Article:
As well as helping to piece together details about the end of the dinosaurs, the researchers said the findings offer insight into late Cretaceous geology.
“It was a global tsunami,” said Molly Range, a scientist at the University of Michigan and the study’s corresponding researcher. “Everyone saw that.”
NASA reports resounding success with asteroid redirect test
Following the asteroid impact, there would be extreme water level rises in two phases, the team found: the rim wave and the subsequent tsunami waves.
“If you’ve just dropped a pebble in a puddle, there’s that initial splash; it’s the rim wave,” Range said.
Those rim waves could have reached an inconceivable height of a mile – and that’s before the tsunami really kicked in, the paper estimates.
“Then you see a wedge effect with the water being repelled symmetrically [from the impact site]”Range said, noting that asteroid Chicxulub struck in the Gulf of Mexico, just north of what is currently the Yucatán Peninsula.
After the first 10 minutes after impact, all airborne debris associated with the asteroid stopped falling into the gulf and displacing water.
“It had calmed down enough and the crater had formed,” Range said. This is around the time the tsunami started crossing the ocean at the speed of a commercial airliner.
“The continents looked a little different,” Range said. “Most of the east coast of North America and the north coast of Africa easily saw waves over 8 meters. There was no land between North America and the South America, so the wave went to the Pacific.
Range compared the episode to the infamous 2004 Sumatran tsunami which followed a magnitude 9.2 earthquake on the west coast of North Sumatra. More than 200,000 people died.
The megatsunami more than 60 million years ago had 30,000 times more energy than what happened in 2004, Range said.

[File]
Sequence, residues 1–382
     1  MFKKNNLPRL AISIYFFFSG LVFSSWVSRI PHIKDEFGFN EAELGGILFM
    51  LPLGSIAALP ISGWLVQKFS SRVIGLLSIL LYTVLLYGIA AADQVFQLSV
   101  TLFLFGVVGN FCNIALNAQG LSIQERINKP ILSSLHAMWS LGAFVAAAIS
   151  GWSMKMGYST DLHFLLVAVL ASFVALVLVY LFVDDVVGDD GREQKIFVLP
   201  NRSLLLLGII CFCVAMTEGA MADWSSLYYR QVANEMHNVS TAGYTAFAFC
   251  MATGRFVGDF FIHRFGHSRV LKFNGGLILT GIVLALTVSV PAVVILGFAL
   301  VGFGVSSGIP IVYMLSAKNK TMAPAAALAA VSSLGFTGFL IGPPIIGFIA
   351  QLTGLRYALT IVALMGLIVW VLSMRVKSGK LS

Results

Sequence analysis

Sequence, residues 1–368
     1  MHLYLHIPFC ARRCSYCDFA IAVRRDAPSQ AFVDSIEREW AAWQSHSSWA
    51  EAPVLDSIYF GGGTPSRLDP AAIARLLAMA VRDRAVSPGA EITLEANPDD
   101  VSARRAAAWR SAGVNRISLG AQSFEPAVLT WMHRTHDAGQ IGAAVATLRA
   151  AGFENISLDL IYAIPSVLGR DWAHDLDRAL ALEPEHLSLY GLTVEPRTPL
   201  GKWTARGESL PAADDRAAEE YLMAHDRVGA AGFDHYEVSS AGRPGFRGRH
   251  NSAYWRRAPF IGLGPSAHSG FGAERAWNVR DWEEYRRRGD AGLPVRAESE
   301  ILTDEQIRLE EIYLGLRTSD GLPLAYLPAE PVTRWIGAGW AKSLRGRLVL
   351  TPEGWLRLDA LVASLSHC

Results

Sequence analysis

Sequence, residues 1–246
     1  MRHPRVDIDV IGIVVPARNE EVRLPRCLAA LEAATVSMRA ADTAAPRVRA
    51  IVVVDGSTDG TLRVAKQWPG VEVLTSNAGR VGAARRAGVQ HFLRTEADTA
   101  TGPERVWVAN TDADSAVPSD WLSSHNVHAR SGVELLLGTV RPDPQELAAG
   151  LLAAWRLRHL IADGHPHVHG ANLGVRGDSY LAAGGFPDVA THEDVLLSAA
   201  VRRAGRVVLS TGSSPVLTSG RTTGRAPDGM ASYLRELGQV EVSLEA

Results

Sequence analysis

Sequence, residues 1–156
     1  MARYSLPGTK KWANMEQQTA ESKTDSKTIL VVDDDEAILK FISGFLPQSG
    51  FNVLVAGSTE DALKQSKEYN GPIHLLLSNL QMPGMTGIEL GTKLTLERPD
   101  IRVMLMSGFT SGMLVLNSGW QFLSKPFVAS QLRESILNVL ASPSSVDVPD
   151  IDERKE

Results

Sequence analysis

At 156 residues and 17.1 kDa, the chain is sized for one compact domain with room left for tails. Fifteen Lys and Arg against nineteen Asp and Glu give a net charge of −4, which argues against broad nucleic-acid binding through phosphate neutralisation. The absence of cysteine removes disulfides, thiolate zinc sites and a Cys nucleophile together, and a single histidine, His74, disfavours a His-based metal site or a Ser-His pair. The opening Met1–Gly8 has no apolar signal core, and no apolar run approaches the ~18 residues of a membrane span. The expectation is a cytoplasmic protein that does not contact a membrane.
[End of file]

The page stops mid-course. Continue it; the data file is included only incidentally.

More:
To simulate the megatsunami, the team of scientists used a hydrocode, a three-dimensional computer program that models the behavior of fluids. Hydrocode programs work by numerically breaking down the system into a series of small Lego-like blocks and then calculating the forces acting on them in three dimensions.
The researchers relied on previous research and assumed the meteor was 8.7 miles in diameter and had a density of around 165 pounds per cubic foot – roughly the weight of an average adult man crammed into a volume the size of a milk crate. This means that the entire asteroid probably weighed around two quadrillion pounds – that’s a 2 followed by 15 zeros.
After the hydrocode produced a simulation of the initial stages of the impact and the first 10 minutes of the tsunami, the modeling was entrusted to a pair of models developed by NOAA to manage tsunami propagation in the world’s oceans. The first was called MOM6.
“Initially, we started using the MOM6 model which is a general-purpose ocean model, not just a tsunami model,” Range said. The team was forced to make assumptions about bathymetry, or the shape and slope of the seafloor, as well as the depth of the ocean and the structure of the asteroid’s crater. This information, along with the tsunami waveform from the hydrocode model, was pumped into MOM6.
In addition to building a model, study researchers examined geological evidence to study the path and power of the tsunami.
Range co-author Ted Moore found evidence of major disturbances in sediment stratification on ocean shelves and coasts at more than 100 sites, supporting the results of the study’s model simulations.
Modeling predicted tsunami flow speeds of 20 centimeters per second along most of the world’s coasts, more than enough to disturb and erode sediment.
The researchers said the geological findings added confidence to their model simulations.
In the future, the team hopes to learn more about the extent of the flooding that accompanied the tsunami.
“We would like to look at flooding, which we haven’t done just with this work in progress,” Range said. “You really need to know the bathymetry and topography.”
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